Nuclear Threats Coming From New Sources
Only once in the past 20 years has the world found itself nearing the brink of nuclear war. In 1990, India and Pakistan rolled their air forces’ bombers onto runways during a confrontation over the disputed region of Kashmir.
This week, India’s detonation of three nuclear devices again illuminated a chilling fact of life in the post-Cold War era: The greatest danger of atomic warfare is not between the old superpowers but from a relentlessly growing list of “new” nuclear powers in Asia and the Middle East.
The United States and Russia still maintain thousands of frighteningly powerful nuclear missiles, and China, France and Britain control hundreds of their own.
But the biggest threat to the sometimes-precarious nuclear peace is no longer in those big-power stockpiles, which have been the focus of arms control efforts since the first atomic explosions in 1945.
Instead, the most acute modern dangers come from smaller sources in unstable places: the growing nuclear arsenals in Pakistan and India, including India’s brand-new hydrogen bomb, apparently compact enough to fit atop a medium-range missile; the one or two nuclear weapons that North Korea might still be hiding; the remnants of Saddam Hussein’s nuclear program in Iraq--and the more than 100 nuclear weapons Israel maintains to deter an Arab attack.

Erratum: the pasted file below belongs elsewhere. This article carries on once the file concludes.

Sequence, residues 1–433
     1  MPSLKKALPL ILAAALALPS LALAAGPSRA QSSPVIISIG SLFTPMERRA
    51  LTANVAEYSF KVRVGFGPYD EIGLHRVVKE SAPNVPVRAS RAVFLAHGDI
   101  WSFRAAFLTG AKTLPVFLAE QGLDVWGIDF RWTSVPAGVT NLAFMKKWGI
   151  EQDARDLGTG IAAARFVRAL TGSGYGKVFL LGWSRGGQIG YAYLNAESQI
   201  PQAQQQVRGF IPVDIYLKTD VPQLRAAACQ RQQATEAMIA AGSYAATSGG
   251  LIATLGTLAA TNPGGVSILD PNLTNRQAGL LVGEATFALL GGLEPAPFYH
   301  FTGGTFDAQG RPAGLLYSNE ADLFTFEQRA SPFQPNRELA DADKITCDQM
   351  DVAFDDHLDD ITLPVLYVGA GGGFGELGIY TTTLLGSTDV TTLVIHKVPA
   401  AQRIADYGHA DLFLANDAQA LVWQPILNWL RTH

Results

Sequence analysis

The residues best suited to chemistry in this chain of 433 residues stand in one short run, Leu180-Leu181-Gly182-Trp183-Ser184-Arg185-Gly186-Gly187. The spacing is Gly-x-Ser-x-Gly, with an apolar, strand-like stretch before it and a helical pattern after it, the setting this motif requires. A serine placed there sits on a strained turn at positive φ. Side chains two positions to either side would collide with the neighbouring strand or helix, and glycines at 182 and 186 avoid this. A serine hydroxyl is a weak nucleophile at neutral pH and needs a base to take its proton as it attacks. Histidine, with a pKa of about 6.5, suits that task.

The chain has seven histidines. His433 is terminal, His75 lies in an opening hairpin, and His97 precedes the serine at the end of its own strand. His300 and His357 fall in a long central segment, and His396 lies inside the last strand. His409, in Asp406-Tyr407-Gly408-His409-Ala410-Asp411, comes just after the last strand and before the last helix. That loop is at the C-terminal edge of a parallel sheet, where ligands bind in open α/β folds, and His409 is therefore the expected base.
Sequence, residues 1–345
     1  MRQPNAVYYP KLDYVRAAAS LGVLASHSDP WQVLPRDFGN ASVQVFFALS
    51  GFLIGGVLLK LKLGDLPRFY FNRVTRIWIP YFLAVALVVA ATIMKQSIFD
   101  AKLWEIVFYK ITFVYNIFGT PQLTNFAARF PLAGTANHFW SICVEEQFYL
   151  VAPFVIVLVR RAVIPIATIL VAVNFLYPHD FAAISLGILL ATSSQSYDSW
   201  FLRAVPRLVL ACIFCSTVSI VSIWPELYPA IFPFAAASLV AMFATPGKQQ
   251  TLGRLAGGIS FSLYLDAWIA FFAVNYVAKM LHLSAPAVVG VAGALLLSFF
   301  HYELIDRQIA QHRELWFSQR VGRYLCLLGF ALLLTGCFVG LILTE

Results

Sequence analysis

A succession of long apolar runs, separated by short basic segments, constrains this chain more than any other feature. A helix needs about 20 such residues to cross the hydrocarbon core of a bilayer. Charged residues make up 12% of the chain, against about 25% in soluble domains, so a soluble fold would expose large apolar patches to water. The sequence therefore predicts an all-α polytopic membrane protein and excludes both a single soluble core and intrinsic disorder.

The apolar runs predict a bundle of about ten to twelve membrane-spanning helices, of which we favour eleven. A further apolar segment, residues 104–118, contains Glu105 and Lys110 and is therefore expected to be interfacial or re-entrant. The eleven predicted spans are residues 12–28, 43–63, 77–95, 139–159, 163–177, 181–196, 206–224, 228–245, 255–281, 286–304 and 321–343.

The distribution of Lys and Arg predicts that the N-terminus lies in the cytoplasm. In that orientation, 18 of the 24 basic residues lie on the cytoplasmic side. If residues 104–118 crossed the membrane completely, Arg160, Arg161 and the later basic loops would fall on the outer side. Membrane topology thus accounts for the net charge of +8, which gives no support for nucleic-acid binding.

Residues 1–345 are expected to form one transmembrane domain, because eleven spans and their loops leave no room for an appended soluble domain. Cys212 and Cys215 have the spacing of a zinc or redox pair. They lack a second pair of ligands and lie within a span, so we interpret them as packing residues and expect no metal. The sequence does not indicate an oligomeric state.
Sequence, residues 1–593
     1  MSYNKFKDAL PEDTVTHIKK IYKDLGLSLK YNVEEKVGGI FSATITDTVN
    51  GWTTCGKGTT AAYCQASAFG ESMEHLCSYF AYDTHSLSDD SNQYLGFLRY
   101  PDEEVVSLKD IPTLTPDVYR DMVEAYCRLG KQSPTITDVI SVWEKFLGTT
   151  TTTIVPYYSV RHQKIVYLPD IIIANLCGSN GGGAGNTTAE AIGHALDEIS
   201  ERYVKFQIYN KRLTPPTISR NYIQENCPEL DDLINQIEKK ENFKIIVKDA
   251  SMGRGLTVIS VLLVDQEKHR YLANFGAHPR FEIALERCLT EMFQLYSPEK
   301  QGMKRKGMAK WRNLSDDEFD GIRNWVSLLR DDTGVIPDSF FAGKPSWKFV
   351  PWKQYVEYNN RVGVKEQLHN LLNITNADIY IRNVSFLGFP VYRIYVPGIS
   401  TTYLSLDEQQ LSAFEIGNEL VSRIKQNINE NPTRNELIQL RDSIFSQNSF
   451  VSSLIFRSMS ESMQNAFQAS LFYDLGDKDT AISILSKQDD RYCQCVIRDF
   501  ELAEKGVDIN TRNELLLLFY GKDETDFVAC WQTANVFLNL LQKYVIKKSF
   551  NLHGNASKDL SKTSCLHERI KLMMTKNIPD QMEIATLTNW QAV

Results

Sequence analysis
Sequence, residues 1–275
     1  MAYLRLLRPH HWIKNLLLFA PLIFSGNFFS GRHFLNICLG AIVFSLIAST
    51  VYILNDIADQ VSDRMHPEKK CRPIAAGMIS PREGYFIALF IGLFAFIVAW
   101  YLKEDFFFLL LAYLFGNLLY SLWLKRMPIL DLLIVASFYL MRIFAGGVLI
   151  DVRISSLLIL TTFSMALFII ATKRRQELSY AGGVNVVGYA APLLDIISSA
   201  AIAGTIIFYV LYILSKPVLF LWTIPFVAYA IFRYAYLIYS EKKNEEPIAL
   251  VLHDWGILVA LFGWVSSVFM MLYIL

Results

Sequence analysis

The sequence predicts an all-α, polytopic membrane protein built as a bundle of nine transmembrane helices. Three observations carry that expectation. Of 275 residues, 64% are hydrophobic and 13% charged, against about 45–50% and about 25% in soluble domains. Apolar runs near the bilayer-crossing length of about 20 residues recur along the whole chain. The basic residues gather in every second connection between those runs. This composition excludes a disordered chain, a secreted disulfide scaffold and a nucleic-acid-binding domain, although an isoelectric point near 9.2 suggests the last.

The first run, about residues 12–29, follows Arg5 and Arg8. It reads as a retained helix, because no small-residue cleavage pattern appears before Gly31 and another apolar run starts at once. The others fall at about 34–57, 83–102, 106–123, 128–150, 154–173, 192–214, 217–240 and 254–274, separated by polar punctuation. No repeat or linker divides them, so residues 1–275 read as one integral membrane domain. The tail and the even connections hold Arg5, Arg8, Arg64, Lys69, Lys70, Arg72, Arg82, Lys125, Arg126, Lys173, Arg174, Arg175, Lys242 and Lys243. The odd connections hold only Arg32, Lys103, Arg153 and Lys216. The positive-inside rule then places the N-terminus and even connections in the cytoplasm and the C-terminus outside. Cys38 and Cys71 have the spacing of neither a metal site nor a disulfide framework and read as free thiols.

Plus, there’s the impossible-to-quantify danger of “loose nukes,” of nuclear material falling into the hands of rebels, terrorists or gangsters.
“This is the third proliferation crisis since the end of the Cold War,” said Joseph Cirincione of the Carnegie Endowment for International Peace. “First was Iraq, where we discovered that they were much closer to developing a weapon than we knew. Then came North Korea, where we discovered that they had succeeded in diverting significant quantities of nuclear material. Now India, which could be the most serious because it hasn’t been contained, and because it could spread across a whole region.
“The guiding theory of nonproliferation has been that the more people have nuclear weapons, the more likely someone is to use them,” he added. “The question now is: Can we seal this breach, or is it going to start popping rivets like the Titanic?”
The world has veered close to nuclear war three times since the United States dropped the first atomic bombs on Japan to end World War II in 1945.
In 1962, the United States and the Soviet Union came close to a nuclear exchange over the deployment of Soviet missiles in Cuba.
In 1973, Israel readied its nuclear weapons when Egyptian and Syrian troops nearly broke through its conventional defenses.
In the 1990 incident, India and Pakistan were on the brink of war over the mountain region of Kashmir when U.S. intelligence picked up evidence that nuclear weapons were being readied on both sides.
Then-President Bush quietly dispatched Robert M. Gates, his national security advisor, to calm both sides. “They weren’t quite at the brink,” Gates said Tuesday. “But our worry was that the two countries would blunder into a conflict, and that if a conventional war did start, the losing side might resort to nuclear weapons.”